By about 3 p.m. Friday, a county morgue in east Ohio was already full — and more bodies were expected.
As with much of the United States, Ohio is in the throes of a heroin and opioid epidemic that shows no signs of abating.
The Friday afternoon request for a cold-storage trailer highlights the epidemic ravaging the state.
Drug overdoses have led to a spike in the number of bodies coming to the Stark County morgue — an increase of about 20 percent in the last year. The additional bodies led to the need for more space, so the coroner's office borrowed a trailer from the state until it gets caught up.
“I've been involved in public safety for 40 some years; I remember the drug problem we had in the late ’60s and early ’70s when I joined the department,” Walters said. “The fatality numbers are nothing even close to this.”
Last year, the coroner's office processed about 500 deaths, more than 100 of which were drug-related, Walters said.
Statewide, the numbers are staggering.
According to the Ohio Department of Health, the number of opioid-related deaths skyrocketed from 296 in 2003 to 2,590 in 2015 — a 775 percent jump over a 13-year period. These numbers include deaths involving prescription opioids, heroin and fentanyl, which is similar to morphine but is 50 to 100 times more potent.
Behind the bleak statistics are haunting scenes of overdose victims.
Several times in recent months, Ohio has been the setting for such shocking spectacles.
In September, authorities in the town of East Liverpool stopped a car and found a man and a woman barely conscious in the front seats. The woman’s 4-year-old grandson sat in the back seat.
A disturbing photo of the scene — the driver with his head tilted back, the woman slumped across the passenger seat, and the boy staring at what’s in front of him — spread like wildfire.
Weeks later, in northeast Ohio, a recovering addict delivered some devastating news to his 8-year-old son.
“Mommy died last night,” Brenden Clark said. “Okay?”
“What do you mean? My mom?” his son said.
“Yes,” Clark said.
“How!” the boy cried out.
“From drugs,” Clark said.
Clark posted video of the heart-wrenching discussion on Facebook, where it has been viewed more than 35 million times.
In Stark County, where the population had outgrown the morgue, the drug problem has been especially taxing, Walters said.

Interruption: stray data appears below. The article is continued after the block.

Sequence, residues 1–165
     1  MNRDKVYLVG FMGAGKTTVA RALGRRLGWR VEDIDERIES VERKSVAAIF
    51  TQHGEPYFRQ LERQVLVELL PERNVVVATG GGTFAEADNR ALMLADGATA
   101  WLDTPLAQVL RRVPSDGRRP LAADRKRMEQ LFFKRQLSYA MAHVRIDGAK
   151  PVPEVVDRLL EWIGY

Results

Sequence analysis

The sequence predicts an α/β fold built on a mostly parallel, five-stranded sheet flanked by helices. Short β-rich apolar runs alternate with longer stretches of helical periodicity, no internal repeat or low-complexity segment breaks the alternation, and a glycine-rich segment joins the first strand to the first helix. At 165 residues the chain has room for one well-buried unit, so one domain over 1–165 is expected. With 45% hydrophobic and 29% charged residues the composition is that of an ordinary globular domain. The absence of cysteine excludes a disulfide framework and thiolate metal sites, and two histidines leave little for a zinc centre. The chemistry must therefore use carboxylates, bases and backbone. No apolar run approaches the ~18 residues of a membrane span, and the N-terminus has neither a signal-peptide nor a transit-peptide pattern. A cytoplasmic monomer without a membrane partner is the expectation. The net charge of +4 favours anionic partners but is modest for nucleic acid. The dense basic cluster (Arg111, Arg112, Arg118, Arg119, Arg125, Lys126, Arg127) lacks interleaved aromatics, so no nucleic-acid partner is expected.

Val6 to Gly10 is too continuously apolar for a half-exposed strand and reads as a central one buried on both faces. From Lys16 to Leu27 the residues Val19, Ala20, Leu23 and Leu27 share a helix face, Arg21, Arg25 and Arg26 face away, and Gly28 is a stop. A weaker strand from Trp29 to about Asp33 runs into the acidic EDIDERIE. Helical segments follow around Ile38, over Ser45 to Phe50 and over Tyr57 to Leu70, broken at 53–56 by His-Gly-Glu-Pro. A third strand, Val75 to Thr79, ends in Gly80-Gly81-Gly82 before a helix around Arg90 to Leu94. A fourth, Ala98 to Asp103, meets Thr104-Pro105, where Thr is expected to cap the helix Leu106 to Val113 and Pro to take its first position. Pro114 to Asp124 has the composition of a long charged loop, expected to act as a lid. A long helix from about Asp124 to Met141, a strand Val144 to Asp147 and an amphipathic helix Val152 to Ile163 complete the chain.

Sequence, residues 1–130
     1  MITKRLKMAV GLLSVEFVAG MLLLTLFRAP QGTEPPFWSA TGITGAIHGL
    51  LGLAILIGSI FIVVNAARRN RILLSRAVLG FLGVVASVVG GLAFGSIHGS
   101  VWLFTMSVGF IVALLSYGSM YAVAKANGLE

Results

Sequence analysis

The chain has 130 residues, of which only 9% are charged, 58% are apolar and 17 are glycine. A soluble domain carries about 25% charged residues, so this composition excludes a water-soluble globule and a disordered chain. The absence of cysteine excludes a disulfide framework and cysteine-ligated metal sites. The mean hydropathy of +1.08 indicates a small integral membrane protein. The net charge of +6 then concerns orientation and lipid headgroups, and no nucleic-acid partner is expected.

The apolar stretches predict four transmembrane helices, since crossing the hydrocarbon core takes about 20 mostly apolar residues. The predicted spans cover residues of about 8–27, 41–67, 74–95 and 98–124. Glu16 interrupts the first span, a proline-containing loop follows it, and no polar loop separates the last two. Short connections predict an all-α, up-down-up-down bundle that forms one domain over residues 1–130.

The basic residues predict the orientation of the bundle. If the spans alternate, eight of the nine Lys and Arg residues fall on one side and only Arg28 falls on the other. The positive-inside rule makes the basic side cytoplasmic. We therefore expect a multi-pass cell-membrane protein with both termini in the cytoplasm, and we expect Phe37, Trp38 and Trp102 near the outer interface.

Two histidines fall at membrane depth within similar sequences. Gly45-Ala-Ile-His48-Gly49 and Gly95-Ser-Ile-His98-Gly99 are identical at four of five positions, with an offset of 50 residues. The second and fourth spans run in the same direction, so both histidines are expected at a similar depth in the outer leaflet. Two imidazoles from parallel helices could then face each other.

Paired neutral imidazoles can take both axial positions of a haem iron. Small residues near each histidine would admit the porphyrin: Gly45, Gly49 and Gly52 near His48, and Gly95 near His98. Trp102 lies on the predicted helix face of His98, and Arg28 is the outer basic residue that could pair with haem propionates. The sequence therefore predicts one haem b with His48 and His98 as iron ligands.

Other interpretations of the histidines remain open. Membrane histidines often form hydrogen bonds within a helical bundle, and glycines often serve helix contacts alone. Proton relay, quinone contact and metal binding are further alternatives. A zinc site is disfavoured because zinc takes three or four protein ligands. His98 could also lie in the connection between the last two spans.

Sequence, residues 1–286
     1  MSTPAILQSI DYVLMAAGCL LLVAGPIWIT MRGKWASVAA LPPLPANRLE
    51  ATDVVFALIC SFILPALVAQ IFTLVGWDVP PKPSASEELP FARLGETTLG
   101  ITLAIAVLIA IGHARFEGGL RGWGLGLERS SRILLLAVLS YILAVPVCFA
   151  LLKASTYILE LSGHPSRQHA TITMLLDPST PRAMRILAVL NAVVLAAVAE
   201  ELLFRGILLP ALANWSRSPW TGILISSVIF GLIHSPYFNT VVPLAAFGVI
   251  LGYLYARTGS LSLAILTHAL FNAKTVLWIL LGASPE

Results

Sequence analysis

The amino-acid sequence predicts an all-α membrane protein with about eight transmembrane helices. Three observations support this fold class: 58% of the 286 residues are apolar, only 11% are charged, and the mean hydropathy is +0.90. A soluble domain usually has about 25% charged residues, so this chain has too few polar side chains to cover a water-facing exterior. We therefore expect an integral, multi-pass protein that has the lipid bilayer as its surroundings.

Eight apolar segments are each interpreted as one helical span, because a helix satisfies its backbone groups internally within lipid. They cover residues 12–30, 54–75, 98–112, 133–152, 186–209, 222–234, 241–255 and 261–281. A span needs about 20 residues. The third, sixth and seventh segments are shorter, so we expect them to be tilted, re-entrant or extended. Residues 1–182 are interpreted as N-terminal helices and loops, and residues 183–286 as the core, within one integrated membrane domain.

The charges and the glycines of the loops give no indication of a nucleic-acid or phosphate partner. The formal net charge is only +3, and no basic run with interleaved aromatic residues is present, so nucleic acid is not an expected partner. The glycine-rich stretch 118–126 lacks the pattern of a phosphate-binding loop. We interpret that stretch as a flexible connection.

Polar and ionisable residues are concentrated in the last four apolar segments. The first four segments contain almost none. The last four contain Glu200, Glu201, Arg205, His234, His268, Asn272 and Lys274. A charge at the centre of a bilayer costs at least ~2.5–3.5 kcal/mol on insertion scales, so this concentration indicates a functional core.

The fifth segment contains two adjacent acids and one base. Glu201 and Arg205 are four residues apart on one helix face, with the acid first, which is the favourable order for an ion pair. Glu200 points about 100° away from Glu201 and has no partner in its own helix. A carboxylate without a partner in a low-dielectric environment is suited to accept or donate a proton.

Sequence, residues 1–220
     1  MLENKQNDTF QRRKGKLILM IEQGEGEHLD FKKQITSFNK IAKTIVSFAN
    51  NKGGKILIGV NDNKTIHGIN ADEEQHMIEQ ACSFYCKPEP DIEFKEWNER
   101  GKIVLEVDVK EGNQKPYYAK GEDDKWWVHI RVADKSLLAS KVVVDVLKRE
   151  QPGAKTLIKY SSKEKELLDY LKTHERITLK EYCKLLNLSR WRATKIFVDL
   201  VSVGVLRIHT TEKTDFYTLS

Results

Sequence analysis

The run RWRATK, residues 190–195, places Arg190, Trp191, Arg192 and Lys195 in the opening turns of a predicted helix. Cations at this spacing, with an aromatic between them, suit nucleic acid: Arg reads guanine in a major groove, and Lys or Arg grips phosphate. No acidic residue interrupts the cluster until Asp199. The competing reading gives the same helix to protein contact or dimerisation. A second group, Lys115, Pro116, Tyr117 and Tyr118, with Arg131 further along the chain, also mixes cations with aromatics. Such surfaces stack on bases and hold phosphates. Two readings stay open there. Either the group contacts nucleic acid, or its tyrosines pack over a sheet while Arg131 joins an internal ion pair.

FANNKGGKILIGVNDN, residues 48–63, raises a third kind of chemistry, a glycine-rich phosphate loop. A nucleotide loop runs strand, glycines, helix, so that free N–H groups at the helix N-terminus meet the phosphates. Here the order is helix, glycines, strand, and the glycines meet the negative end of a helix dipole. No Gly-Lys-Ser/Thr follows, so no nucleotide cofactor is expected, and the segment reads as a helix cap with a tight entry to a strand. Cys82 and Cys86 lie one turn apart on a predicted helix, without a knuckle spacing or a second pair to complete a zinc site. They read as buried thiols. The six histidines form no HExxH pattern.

The morgue can house only 12 bodies at a time. That's small for a county with a population of more than 375,000, Walters said.
The drug epidemic also has caused the county to spend roughly $75,000 a year in toxicology tests alone, Walters said. In some months, the county racks up $10,000 in toxicology bills.
“We're just spending all kinds of money on lab work because there's so many different drugs,” he said.
Walters said the cold-storage trailer arrived late Friday night in Canton, Ohio, where the coroner's office is located. Designed for use at disaster scenes or mass-fatality illnesses, it is loaded with trays about 20 inches wide and 7 feet long and can hold 18 bodies.
Since calling the state to request the trailer, the coroner's office has seen at least six more deaths, two of which are possibly drug-related, Walters said.
Other counties in the state have also had to find additional space after their morgues reached capacity.
Summit County in northeastern Ohio borrowed mobile storage trailers from the state last year. Gary Guenther, chief investigator for the Summit County medical examiner's office, said the number of deaths began to increase on July 4, with most cases involving drugs laced with carfentanil, an elephant tranquilizer 10,000 times more powerful than morphine.
Around the same time last year, Cincinnati saw an unprecedented number of heroin overdoses: 174 in six days.
The culprit was also carfentanil mixed with heroin, The Washington Post's Katie Mettler reported. The Hamilton County coroner's office in Cincinnati saw a 100-day backlog of DNA testing for police drug investigations, the Associated Press reported.
Kent Harsbarger, the coroner in Ohio's Montgomery County, said earlier this year that he was considering renting space at funeral homes and hospitals because the county didn't have enough space in its morgue, even after expanding in 2016, WDTN reported.
About 75 percent of deaths the coroner's office handles every month are drug-related, Harsbarger told the TV station, noting that Montgomery County saw 355 overdose deaths last year.
Walters, the Stark County coroner, said borrowing trailers is only a temporary solution.
“We need another facility or expand the facility,” he said. “We can't continue to rely on the state.”
Over the past few years, Ohio has had one of the highest rates of drug overdose in the country. It was among the top five states in 2015, along with West Virginia, New Hampshire, Kentucky and Rhode Island, according to the Centers for Disease Control and Prevention.
Sarah Larimer contributed to this report.